Mens Hairstyles and Mustaches with C4D: Part Hair with Multiple Hair Objects

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Instructor Eric Reed

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  • Made with Release: 17
  • Works with Release: 17 and greater

Create a clear part in a character’s hair by using two separate hair objects.

Create a clear part in a character’s hair by using two separate hair objects.

Eric Reed is a CG Specialist with Hive-FX, a Portland, OR-based VFX studio. Hive-FX made a name for itself creating gruesome effects for the TV series Grimm on NBC. In that process, they've mastered all sorts of ways of turning people into monsters, including the use of Cinema 4D Hair. Other clients include Nike, Razorfish, Empire Green Creative, Wieden and Kennedy, Riddell and Microsoft. www.hive-fx.com

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Transcript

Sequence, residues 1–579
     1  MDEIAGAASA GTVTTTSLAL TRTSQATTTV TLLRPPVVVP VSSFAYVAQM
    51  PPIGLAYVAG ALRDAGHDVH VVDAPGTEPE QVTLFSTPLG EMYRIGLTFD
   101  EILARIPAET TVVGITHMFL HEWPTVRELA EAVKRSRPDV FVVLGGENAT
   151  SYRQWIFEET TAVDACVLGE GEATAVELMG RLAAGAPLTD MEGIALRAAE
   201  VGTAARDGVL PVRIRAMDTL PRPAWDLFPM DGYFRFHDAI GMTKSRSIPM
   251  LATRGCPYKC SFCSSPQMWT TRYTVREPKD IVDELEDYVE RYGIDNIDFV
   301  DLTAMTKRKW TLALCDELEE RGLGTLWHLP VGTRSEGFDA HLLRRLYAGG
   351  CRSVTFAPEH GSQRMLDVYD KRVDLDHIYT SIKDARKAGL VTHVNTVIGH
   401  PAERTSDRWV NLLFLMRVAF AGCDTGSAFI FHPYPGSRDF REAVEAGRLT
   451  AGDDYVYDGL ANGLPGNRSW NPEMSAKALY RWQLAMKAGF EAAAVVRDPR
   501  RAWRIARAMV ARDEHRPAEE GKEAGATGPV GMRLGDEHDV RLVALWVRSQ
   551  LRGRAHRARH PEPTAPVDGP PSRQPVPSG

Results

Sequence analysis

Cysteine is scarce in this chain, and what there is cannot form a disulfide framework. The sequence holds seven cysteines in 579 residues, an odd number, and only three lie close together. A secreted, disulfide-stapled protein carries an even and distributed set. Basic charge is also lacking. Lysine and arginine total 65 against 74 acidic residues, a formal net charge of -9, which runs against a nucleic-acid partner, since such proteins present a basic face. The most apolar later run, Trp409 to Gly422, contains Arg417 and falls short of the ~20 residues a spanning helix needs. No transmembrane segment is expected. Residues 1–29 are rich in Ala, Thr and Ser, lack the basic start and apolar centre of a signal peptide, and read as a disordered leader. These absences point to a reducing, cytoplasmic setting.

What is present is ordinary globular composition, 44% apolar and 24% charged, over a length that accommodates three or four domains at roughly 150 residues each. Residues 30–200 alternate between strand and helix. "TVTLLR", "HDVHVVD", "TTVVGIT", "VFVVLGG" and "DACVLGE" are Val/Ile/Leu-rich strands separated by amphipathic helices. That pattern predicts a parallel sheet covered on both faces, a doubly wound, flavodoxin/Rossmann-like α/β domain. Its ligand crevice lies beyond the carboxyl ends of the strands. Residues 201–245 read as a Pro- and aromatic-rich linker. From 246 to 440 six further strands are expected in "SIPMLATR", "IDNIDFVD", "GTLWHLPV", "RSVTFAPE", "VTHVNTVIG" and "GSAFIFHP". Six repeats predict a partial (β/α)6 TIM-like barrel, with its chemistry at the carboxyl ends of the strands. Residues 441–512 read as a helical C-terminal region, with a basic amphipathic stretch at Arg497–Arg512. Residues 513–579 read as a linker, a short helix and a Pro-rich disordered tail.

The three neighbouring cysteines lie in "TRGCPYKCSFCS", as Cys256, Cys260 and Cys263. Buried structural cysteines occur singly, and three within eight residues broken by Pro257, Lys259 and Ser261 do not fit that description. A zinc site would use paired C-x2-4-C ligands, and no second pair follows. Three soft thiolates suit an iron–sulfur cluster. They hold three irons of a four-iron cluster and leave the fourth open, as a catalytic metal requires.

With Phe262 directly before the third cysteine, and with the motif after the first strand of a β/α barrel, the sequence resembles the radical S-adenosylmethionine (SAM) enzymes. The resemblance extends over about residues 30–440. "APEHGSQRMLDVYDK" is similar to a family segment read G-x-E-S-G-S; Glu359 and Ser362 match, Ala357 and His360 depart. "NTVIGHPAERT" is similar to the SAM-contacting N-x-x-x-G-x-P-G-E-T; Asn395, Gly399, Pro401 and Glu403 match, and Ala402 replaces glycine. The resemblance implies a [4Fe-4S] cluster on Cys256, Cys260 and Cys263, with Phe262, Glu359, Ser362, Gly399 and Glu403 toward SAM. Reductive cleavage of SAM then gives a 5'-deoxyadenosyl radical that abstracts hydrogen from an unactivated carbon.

- In this video we are going to be looking at the part in the hair. Also we're going to be making a second displacement map, possibly even play with guides. Let's look at these guides. They're obviously brushed apart, but how do we know exactly where the part is going to be? Let's take a look at this. If we test render it, that is not a very good part because some of this hair and some of this hair they're being interpolated together. There's no part there. We can come into here and turn on...if we grab our hair material and go under partings tab there is auto partings. Let's give that a try. Again you can see that this doesn't look very good. Now we could go and add a whole bunch of guides down here to make sure this part is a little bit straighter, but there is another issue. The clumping doesn't respect the auto parting so you're going to get clumps from this side and this side reaching together and you'll have wild stray hairs everywhere. So the best way to do this is to split our hair systems. To do that we're going to need a map, so let's paint a fine map of where we actually want this part to be. So using the texture that we already have, let's refine it. Go to our brush settings. Increase the pressure. Now it follows all the way from the peak here. So let's do that. We'll have it end in a V. Now that we have that done let's use the UV view to remove the remaining white. Okay, again let's save this texture as a JPEG. Use Save Texture As not Save Texture. Let's name this Separate Map. Okay, now we have our maps. Let's find out how to apply them. Go back to our normal view. Make sure to enter object mode to break us from the UV paint mode. Now we can see that the map is already applied on our head. Let's adjust these guides to make sure that they follow a good part. Under simulate add guides. Now these guides are really close. Let's try a different method. Select your roots and hit unroot guide. Now using our move tool let's just raise those up a bit. Okay, that's looking better. Now let's reroot those guides. Go into set roots and hit apply. Okay, let's separate these hair systems before we adjust these guides. If you control click and drag we can duplicate the hair object. Name this one...wait before we do that let's make it a little bit simpler. Let's go to guide mode. Use the live selection. Now we have the guide selected. Now let's duplicate it. Let's name this one "hair side," and this one "hair top." If you uncheck hair side you can see that there is hair there. Because this is the top we don't want those guides on the hair. Let's delete those. Let's grab hair side and invert the selection by hitting UI and delete those. We need to equalize the length of these guides. The easiest way to do that, under the guides tab, set the length. It will retain the shape. Let's do the same to the top. Now we can finish shaping these guides and get them to a better place. In the next video, we're going to finish splitting our hair systems, and we're going to finally apply our maps. See you next time.
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